Fancy Footwork Podiatry

Fancy Footwork

When it comes to foot care, our podiatrists have a lot on the ball.

Dr. BisharaNo pun intended by Dr. Aiman Bishara, our podiatrist in Wichita is, you guessed it, a big football fan.  Not the kind of football that is national obsession of these United States, of course, but the older world version they play throughout Europe, in the Middle East and just about everywhere else.

He comes by his love of the game quite naturally, having grown up in Egypt where the sport has the combined popularity of our football, baseball, and basketball all rolled into one black and white ball. After practicing medicine there for a number of years, he set his sites on a goal much farther afield.  He wanted to come to America.

“My parents and grandparents had already been living here for many years, so I was able to join my family here,” he recalled.  “It took several years and applications, but I was eventually accepted for citizenship and have been very happy with the decision to come to America.   The quality of life we can enjoy here is so much better, and the medicine I can practice is much more advanced.”

After a family member had surgery on an ankle, he became interested in podiatry and went back to school to earn his doctorate in that field.  After initially practicing in Pittsburgh, Pennsylvania, Dr. Bishara heard about an opportunity to join the staff at GraceMed.

“I’ve been so impressed with how friendly and welcoming everyone has been here in Wichita,” he said.  “I think there’s a real need here for podiatrists and a great opportunity to be of service in a place that has quickly come to feel like home.”

While Dr. Bishara is enjoying putting down his Wichita roots, over in Topeka we have a new podiatrist who may not play soccer, but definitely likes to put her feet in motion trotting the globe.

Bridgett Elie, DMP

“I love to travel,” said Dr. Bridgett Elie.  “I’ve been to London, Toronto, Montreal, Jamaica.  I really enjoy seeing all the ways the lives we all live are different and yet still the same around the world.”

Dr. Elie has travelled a bit professionally too.  Originally from Louisiana, she has practiced in Virginia and South Carolina before coming to Kansas.  Having seen some of the world’s capitals, she likes the not-too-big, not-too-small feel of her new home in the capital of Kansas.

One thing both Dr. Elie and Dr. Bishara have noticed that Kansas has more than its fair share of is diabetic patients.  The state is projected to experience an increase of nearly 40% in diabetes diagnosis over the next decade.  And where there is diabetes, there is a substantial risk to the health of our feet.

“There are essentially two ways diabetes attacks our feet,” Dr. Bishara explained.  “First the damage glucose can do over time to our circulation can make healing sores and infections a problem. And second, diabetes can cause nerve damage in the feet.  I once saw a patient who actually had a nail penetrating the insole of his shoe, and he couldn’t even feel it.”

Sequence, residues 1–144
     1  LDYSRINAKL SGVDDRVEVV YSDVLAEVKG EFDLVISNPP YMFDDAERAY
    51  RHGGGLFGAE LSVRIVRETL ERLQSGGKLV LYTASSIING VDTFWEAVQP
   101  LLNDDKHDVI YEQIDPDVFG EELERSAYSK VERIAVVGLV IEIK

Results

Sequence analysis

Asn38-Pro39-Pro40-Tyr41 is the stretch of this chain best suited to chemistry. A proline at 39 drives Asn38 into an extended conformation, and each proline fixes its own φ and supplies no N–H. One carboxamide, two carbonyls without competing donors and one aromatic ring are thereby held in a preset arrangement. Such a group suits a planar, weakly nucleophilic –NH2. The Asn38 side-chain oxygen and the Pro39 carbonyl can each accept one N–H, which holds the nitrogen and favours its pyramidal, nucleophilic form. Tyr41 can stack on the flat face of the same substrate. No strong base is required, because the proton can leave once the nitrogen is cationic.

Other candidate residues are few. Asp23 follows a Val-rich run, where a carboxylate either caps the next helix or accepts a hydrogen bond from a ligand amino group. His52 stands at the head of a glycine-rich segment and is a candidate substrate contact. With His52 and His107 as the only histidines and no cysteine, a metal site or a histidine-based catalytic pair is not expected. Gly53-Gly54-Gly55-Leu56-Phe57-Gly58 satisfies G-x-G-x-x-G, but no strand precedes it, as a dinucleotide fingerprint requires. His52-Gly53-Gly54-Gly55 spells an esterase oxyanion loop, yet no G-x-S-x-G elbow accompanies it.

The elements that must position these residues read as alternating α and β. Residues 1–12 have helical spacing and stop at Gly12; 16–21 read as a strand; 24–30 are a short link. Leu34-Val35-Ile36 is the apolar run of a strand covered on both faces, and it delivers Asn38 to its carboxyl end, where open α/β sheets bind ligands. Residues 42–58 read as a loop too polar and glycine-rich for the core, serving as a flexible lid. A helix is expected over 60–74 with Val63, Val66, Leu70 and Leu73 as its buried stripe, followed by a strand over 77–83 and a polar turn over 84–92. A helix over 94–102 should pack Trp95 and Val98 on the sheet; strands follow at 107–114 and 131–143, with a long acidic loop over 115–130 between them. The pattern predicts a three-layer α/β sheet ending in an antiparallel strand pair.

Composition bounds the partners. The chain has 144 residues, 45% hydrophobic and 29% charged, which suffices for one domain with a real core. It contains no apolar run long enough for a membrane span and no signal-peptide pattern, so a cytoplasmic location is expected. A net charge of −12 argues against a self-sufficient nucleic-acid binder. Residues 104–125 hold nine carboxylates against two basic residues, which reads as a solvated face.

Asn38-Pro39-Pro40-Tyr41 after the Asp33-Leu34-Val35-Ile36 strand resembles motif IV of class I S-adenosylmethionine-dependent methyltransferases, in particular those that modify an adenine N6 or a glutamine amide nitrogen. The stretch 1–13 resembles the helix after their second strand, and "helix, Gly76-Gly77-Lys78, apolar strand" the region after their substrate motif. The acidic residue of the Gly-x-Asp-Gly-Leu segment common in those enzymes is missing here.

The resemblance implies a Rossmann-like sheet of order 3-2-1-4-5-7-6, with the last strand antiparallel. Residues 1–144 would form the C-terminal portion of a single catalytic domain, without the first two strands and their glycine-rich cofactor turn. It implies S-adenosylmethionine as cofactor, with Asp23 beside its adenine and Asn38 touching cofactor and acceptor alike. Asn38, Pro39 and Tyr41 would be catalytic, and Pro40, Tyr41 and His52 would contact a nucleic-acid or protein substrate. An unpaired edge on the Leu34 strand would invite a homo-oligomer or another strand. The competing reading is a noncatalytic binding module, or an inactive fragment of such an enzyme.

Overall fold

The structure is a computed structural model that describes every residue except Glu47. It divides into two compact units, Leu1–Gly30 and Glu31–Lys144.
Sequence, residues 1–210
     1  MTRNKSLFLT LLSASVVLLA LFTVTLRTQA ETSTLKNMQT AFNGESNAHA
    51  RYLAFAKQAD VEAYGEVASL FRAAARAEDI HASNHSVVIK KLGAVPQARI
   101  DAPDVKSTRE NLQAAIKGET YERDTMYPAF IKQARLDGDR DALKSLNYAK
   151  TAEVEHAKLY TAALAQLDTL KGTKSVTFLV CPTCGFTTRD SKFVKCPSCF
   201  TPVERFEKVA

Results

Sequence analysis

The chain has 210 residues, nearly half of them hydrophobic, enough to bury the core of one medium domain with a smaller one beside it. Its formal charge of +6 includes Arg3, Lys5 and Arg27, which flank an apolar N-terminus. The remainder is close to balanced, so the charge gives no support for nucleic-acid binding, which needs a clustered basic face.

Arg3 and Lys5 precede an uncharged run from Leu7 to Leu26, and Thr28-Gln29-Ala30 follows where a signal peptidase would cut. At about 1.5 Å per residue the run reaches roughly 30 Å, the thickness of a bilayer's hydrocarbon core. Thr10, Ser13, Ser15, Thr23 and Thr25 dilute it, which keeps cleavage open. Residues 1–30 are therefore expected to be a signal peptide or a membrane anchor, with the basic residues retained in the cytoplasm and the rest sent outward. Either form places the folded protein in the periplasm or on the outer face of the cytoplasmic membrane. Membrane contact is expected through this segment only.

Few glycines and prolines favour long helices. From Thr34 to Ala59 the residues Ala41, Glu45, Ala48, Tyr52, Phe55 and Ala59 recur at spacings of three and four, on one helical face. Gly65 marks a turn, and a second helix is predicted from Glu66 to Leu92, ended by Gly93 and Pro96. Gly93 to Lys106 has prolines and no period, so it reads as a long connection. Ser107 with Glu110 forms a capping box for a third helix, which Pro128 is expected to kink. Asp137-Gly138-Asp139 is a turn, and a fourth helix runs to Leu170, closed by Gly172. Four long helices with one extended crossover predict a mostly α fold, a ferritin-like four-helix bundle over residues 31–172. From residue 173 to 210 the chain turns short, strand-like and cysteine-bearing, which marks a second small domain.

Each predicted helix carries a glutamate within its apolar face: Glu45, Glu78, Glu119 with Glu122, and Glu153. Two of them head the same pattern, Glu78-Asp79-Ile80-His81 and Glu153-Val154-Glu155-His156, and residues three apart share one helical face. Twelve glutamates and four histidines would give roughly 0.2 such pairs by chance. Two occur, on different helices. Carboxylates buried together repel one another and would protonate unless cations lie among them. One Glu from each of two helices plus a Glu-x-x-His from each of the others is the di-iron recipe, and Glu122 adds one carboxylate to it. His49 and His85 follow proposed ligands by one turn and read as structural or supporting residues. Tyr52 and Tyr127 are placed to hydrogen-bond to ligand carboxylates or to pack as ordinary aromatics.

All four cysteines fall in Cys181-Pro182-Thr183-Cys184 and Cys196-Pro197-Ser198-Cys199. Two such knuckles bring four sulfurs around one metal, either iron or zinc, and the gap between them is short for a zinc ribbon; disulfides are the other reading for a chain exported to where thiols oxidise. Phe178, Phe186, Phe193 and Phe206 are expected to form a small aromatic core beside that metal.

Dr. Elie reports that a significant percentage of her patients have been diagnosed with diabetes. “The greatest risk diabetes poses to the feet is the potential for amputation,” she said.  “We’re getting a lot better at heading off the need for amputations, but the only way to do so is through better care on an ongoing basis.  Patients have to be trained to exam their feet every day because between neuropathy and peripheral artery disease,  a lot of serious infection and injury can go unnoticed until it’s too late.  If we can catch these conditions early and treat them, it makes all the difference.”

Of course, diabetes isn’t the only way the health of our feet can be threatened.  There are conditions that can result from years of wearing shoes that don’t fit your feet well.  This can cause the growth of corns or distortions in your toes like hammertoe.  Plantar Fasciitis is a condition in which the tissue in the arch of the foot becomes inflamed.  Runners and other athletes who put an extraordinary amount of stress on their feet can be more vulnerable to this condition.

If you want to be kind to your hard-working feet and preserve their health, Dr. Bishara and Dr. Elie have some recommendations:
  • Make sure the shoe fits: You need about 1/2″ of space between your longest toe and the end of the shoe.
  • Dry feet are happy feet. Don’t forget to dry between the toes.  You can use moisturizer if your skin is too dry but start by drying them thoroughly after bathing.
  • Exercise your feet. To enhance strength, mobility and circulation, wiggle your toes, flex your ankles and stretch your calves regularly.
  • Keep your nails trimmed. It’s not just good hygiene.  It can also help prevent painful ingrown nails and bacterial or fungal infections.

Most of all, if you see a problem, see a podiatrist.  Dr. Bishara is available for new patient appointments at (316) 866-2000, and Dr. Elie is available at (785) 861-8000.


This post originated in our State of Grace quarterly news magazine. If you would like to receive the magazine, please visit this link and give us your information. Thanks!

2021-03-11